Outpatient versus observation/inpatient management of emergency department patients rapidly ruled-out for acute myocardial infarction: Findings from the HIGH-US study

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American heart journal


BACKGROUND: The actual Emergency Department (ED) dispositions of patients enrolled in observational studies and meeting criteria for rapid acute myocardial infarction (AMI) rule-out are unknown. Additionally, their presenting clinical profiles, cardiac testing/treatments received, and outcomes have not been reported.

METHODS: Patients in the HIGH-US study (29 sites) that ruled-out for AMI using a high-sensitivity cardiac troponin I 0/1-hour algorithm were evaluated. Clinical characteristics of patients having ED discharge were compared to patients placed in observation or hospital admitted (OBS/ADM). Reports of any OBS/ADM cardiac stress test (CST), cardiac catheterization (Cath) and coronary revascularization were reviewed. One year AMI/death and major adverse cardiovascular event rates were determined.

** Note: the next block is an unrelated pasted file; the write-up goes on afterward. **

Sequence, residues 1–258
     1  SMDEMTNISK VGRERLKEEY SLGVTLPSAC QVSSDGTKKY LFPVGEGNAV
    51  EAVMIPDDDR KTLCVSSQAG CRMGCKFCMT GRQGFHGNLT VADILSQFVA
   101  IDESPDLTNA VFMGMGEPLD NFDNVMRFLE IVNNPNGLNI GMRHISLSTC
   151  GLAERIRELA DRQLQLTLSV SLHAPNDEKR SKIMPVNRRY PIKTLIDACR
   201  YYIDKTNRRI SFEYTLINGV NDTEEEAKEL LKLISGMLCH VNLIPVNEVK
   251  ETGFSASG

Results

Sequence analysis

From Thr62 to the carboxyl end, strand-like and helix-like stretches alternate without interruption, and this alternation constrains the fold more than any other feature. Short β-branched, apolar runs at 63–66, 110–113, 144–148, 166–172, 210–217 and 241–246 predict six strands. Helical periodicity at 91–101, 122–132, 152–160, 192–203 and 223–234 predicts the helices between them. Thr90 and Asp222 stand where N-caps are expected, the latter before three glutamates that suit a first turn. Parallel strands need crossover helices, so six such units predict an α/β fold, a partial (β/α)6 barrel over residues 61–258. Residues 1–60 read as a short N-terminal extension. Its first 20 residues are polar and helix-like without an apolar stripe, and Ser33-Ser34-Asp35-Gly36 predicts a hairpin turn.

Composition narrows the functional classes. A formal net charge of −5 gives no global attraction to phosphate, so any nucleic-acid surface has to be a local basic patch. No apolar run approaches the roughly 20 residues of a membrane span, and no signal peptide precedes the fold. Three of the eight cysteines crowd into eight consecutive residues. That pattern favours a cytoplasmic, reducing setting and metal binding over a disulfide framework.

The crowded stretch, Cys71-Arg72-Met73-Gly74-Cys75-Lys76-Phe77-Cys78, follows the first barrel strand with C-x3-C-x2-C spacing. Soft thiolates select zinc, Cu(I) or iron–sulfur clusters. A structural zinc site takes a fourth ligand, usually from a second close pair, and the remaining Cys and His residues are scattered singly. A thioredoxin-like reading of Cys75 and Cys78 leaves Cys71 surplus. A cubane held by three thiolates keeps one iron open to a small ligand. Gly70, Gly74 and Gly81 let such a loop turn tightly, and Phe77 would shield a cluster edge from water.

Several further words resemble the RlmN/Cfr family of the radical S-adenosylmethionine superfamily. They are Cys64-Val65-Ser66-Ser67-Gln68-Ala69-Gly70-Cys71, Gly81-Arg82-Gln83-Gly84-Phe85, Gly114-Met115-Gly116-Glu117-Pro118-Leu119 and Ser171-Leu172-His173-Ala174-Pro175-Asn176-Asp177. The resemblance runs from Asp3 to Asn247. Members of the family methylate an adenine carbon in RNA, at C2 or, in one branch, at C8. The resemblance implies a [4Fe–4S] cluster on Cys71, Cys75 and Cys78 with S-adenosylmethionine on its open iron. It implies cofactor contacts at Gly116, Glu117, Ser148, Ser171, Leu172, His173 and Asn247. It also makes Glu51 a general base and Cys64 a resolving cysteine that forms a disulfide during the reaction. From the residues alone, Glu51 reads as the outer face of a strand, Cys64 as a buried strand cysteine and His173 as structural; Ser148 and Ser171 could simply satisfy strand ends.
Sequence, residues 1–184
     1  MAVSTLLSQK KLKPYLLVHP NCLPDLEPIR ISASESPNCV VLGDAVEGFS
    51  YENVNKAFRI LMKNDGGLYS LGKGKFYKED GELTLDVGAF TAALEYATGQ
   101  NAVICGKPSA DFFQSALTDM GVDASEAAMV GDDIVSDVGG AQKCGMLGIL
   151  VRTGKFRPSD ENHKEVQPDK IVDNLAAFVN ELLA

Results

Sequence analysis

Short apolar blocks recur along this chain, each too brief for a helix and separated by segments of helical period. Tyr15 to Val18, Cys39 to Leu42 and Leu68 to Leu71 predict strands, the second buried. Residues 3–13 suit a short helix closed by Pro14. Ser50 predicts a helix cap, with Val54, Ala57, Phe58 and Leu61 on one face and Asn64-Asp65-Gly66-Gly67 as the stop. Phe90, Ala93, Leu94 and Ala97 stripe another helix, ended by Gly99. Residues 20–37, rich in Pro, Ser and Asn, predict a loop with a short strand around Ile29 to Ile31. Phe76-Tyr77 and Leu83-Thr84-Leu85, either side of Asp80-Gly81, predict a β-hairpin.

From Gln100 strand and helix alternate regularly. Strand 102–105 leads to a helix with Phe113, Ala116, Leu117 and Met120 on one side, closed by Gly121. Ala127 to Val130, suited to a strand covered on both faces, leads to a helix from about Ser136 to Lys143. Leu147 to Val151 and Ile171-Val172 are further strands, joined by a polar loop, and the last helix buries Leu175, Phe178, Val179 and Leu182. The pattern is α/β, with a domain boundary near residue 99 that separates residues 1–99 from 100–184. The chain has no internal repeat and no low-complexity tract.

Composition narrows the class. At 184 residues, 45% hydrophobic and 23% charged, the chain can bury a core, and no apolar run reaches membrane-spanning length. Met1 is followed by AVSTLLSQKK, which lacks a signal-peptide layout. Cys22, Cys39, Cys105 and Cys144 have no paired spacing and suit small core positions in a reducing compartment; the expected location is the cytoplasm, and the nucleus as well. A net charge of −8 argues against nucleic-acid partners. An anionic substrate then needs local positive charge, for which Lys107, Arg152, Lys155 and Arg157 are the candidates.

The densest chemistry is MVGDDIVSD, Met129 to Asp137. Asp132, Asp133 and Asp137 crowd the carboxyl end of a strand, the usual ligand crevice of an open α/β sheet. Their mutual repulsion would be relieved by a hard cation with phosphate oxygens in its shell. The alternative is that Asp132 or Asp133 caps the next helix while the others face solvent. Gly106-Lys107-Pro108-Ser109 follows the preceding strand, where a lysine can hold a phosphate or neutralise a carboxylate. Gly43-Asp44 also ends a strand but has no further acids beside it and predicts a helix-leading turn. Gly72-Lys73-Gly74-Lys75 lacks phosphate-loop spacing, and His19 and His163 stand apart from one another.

RESULTS: Of the 1,020 ruled-out AMI patients 584 (57.3%) had ED discharge. The remaining 436 (42.7%) were placed in OBS/ADM. Patients with risk factors for AMI, including personal or family history of coronary artery disease, hypertension, previous stroke or abnormal ECG were more often placed in OBS/ADM. 175 (40.1%) had a CST. Of these 32 (18.3%) were abnormal and 143 (81.7%) normal. Cath was done in 11 (34.3%) of those with abnormal and 13 (9.1%) with normal CST. Of those without an initial CST 85 (32.6%) had Cath. Overall, revascularizations were performed in 26 (6.0%) patients. One-year AMI/death rates were low/similar (P = .553) for the groups studied.

CONCLUSIONS: Rapidly ruled-out for AMI ED patients having a higher clinician perceived risk for new or worsening coronary artery disease and placed in OBS/ADM underwent many diagnostic tests, were infrequently revascularized and had excellent outcomes. Alternate efficient strategies for these patients are needed.

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Algorithms; Biomarkers; Cardiac Catheterization; Coronary Artery Disease; Disease Progression; Electrocardiography; Emergency Service, Hospital; Exercise Test; Female; Hospitalization; Humans; Hypertension; Kaplan-Meier Estimate; Male; Middle Aged; Myocardial Infarction; Myocardial Revascularization; Observational Studies as Topic; Patient Discharge; Risk Factors; Time Factors; Troponin I

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